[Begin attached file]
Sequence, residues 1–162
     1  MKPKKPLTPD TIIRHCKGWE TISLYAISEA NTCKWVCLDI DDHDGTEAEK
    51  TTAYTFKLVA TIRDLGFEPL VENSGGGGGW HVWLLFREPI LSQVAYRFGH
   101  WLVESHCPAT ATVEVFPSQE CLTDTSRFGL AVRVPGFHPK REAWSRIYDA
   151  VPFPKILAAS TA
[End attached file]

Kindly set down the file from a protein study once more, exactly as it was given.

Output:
Sequence, residues 1–162
     1  MKPKKPLTPD TIIRHCKGWE TISLYAISEA NTCKWVCLDI DDHDGTEAEK
    51  TTAYTFKLVA TIRDLGFEPL VENSGGGGGW HVWLLFREPI LSQVAYRFGH
   101  WLVESHCPAT ATVEVFPSQE CLTDTSRFGL AVRVPGFHPK REAWSRIYDA
   151  VPFPKILAAS TA